• Cersei blaming Tyrion for the deaths of her three children is also spurious and not a little hypocritical. She bitterly insists that their other enemies would never have moved against her children like that if Tyrion hadn't killed Tywin - Tywin was still alive when Joffrey died, though Tyrion seems to only regret the deaths of Myrcella and Tommen when he says he loved "the children" and didn't want them dead.
    • Even then, Tommen's suicide was the direct result of Cersei blowing up the Great Sept, and her maneuverings against the Tyrells (which including re-creating the Faith Militant). Yet Tommen married Margaery Tyrell while Tywin was still alive, at his insistence. The Faith Militant might not have been as bold in their coup if Tywin was still alive, but Cersei alone was responsible for re-arming them, as a counter to the Tyrells - and the Tyrells were already undermining the Lannisters even before Tywin's death, due to becoming dependent on their money and food supplies.
    • As for Myrcella, the Sand Snakes (in the TV series) killed her to provoke a war with the Lannisters as revenge for Oberyn Martell's death, fighting for Tyrion against Tywin's champion Gregor - a scenario Tyrion couldn't have wanted, as he wanted to win the trial by combat, and never would have happened if Cersei had not accused Tyrion of Joffrey's murder in the first place. She is the only one of the three that might vaguely be a result of Tyrion killing Tywin (arguing that the Dornish never would have tried to provoke a war out of fear of their father). Tyrion could also be considered to be partially responsible for Myrcella's death as he's the one who sent her to Dorne in the first place, unintentionally making her an easy target for the Sand Snakes' vengeance after Oberyn's death. In the books, Myrcella is non-fatally wounded by an assassination attempt in Dorne, and Cersei irrationally believes that Tyrion must have been directly responsible, simply as petty revenge against her; she reaches that highly questionable conclusion by associating Tyrion's disfigurement at the battle of the Blackwater with Myrcella's disfigurement (even though this is utterly untrue and makes very little sense even with the information Cersei has available).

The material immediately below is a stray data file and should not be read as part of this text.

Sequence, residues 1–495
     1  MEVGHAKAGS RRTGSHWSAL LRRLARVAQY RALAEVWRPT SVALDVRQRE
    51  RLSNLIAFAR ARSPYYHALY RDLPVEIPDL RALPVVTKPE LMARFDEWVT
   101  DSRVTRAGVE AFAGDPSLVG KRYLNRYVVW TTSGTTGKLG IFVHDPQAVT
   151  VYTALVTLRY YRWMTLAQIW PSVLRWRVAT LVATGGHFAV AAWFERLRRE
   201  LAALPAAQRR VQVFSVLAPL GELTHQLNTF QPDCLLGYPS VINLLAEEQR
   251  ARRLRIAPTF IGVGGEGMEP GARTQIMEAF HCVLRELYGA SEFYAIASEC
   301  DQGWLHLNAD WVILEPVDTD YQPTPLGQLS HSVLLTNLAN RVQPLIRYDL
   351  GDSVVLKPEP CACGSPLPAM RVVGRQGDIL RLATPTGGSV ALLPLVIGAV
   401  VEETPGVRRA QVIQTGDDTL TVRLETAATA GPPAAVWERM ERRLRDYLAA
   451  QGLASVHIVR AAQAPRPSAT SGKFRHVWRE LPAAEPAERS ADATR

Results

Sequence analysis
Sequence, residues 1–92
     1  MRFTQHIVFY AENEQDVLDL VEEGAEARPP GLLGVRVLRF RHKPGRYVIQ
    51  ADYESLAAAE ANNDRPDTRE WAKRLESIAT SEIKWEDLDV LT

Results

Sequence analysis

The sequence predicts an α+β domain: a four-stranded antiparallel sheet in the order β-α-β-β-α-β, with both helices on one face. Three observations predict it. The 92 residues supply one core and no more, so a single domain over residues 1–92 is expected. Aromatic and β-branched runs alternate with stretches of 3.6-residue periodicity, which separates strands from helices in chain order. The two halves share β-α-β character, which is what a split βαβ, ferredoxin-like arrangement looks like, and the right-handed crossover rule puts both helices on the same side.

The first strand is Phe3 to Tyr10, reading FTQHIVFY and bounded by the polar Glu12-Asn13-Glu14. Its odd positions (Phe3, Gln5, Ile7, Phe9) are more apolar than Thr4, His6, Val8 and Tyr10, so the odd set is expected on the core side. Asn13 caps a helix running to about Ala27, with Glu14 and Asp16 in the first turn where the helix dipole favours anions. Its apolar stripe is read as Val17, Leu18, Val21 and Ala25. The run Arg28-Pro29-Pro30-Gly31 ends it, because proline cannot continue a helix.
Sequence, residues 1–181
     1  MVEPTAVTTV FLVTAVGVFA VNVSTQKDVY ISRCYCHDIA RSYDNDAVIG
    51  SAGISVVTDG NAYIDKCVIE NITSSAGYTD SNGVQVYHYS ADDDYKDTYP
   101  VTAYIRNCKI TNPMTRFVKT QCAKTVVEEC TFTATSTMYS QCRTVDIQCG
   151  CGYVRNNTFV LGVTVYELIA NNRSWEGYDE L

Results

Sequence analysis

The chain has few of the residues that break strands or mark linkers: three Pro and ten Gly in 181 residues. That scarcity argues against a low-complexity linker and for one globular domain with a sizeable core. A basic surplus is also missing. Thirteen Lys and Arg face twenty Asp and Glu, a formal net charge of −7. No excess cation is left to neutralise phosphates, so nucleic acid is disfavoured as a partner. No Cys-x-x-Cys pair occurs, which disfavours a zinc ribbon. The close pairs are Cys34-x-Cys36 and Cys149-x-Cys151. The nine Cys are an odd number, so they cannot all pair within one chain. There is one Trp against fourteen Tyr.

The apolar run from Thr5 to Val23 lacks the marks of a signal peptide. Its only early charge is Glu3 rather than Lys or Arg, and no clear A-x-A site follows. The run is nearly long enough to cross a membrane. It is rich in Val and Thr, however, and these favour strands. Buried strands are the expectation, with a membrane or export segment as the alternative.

• It is unclear why Cersei is willing to admit that perhaps Tyrion did not kill Joffrey; maybe because of Olenna's confession. In the books, Cersei deduces herself that the Tyrells had a motive to dispose of Joffrey, but that realization does not make her remove Tyrion from the lists of suspects: driven by paranoia, Cersei believes that Tyrion and the Tyrells conspired together to kill Joffrey, and maybe the Tyrells were involved in Tywin's murder too.
  • Although she doesn't realize it, Cersei is making a major miscalculation: Jon only demonstrated how to kill wights, not White Walkers. Cersei does not know that fire is ineffective against them, and does not know their vulnerability to Valyrian steel (presuming that such information was never discussed off screen). If Daenerys and Jon lose, then Cersei will be hard pressed to stop the army of the dead when she only knows how to fight the foot soldiers and not the commanders.
  • Despite Cersei claiming to have learned from her father, this episode once more demonstrates how that isn't the case. Tywin might have been ruthless against his enemies but he also understood that sometimes one has to ally with their rivals in the interest of survival. Lady Olenna even said this to Cersei's face, but she flippantly responded that House Lannister had no rival. Here, she is utterly refusing to ally with the Targaryens and the Starks despite being given irrefutable proof of an even greater threat to all of them because her petty and spiteful nature refuses to allow it.

At Winterfell